The Counties Manukau District Health Board's Health Science Academies are an outstanding Supreme Winner of this year's ANZ New Zealand & EEO Trust Work & Life Awards. The winning programme has led to many south Auckland secondary school students learning that becoming a fully qualified medical professional can be more than just a dream.
The Work & Life Awards celebrate diversity and innovative responses to tomorrow's employment challenges. The Equal Employment Opportunties Trust says the success of a workplace is not just about offices or building sites - it's also about communities, families and encouraging those who are just beginning their career path to achieve in their chosen work force.
Nurturing a medical workforce.
The CMDHB's academies were kick-started in late 2009 with a philanthropic grant of one million dollars from the Tindall Foundation. The academies aim is to grow Maori and Pacific health professionals in south Auckland via a pipeline approach. This is in response to a looming shortage of medical staff throughout the region, alongside an increasing demand for health services. Tangaroa College and James Cook High School were chosen and the first academies were opened last year. School principals, career advisors, tertiary providers and science teachers worked with the DHB to develop a more science and health specific curriculum for the students selected for the academies.
This model is a first for the country and the enthusiasm from the students and their families has surpassed expectations and led to a higher demand from budding clinicians. Teachers have reported increased student achievement due to the focused environment, additional teaching/tutoring in science subjects and the value of being specially selected to be an academy member. The DHB's ultimate aim is for these students to continue with their studies at a tertiary level and then work in the local health sector. The programme is so popular that lots of students are now asking to be considered for future heath science academies in south Auckland schools.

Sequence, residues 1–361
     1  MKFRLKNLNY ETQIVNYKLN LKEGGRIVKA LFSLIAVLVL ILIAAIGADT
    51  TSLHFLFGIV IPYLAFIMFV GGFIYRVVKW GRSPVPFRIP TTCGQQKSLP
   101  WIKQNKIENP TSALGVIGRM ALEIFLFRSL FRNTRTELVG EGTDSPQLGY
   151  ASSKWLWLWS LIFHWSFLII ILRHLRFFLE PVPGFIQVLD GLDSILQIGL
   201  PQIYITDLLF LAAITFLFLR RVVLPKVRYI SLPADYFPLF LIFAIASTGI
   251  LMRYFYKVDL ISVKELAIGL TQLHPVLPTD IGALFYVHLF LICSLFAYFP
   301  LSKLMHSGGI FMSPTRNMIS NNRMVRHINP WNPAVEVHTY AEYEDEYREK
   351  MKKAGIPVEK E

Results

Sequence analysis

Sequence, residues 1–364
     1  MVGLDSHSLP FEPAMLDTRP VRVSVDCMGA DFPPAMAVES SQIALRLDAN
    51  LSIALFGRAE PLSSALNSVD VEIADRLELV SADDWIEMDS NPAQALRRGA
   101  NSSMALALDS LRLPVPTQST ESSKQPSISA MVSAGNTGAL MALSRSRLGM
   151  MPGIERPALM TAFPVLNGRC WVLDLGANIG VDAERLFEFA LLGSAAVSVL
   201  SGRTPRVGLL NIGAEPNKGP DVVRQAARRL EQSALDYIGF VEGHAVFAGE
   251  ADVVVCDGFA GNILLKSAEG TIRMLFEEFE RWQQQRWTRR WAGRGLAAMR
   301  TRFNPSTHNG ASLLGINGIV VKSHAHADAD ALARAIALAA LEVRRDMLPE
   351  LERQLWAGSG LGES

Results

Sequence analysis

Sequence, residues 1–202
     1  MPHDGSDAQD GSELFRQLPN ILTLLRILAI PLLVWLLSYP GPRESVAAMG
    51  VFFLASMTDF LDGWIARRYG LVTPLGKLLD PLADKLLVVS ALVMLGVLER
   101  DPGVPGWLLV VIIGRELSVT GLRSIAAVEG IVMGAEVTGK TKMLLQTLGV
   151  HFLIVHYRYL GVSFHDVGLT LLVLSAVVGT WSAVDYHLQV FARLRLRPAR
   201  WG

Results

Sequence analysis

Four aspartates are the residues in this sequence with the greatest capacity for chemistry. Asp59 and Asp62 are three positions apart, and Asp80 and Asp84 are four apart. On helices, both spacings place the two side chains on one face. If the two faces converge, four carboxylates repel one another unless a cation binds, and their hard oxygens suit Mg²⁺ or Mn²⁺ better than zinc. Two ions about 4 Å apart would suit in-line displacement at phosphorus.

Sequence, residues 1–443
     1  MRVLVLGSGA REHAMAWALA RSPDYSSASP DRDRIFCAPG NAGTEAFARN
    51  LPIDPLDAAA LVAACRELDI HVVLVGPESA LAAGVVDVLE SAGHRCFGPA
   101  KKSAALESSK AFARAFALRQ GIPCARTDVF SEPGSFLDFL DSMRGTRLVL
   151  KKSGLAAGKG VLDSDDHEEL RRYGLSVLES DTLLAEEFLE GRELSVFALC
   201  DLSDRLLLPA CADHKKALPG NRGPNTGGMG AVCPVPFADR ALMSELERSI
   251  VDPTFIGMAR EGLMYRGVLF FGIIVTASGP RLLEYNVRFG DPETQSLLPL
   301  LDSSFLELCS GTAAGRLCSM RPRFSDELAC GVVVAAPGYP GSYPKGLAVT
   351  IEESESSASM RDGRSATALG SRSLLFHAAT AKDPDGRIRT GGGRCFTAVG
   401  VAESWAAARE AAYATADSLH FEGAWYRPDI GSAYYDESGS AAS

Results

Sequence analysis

The judges were impressed with the way the DHB had identified an issue with the workforce and had the foresight to address it over a number of years.
"It is a great example of taking a long term approach to positive change within the organisation."
That's from a judge, Neil Porteous, who is the CEO of Elevator Group which specializes in recruitment for people with disabilities. "The way that the CMDHB has engaged with the community to meet the diversity needs of the workforce is impressive. This was evident during the interview process where we had the opportunity to speak to community leaders from schools, the health sector and most importantly a number of students who are currently participating in the programme."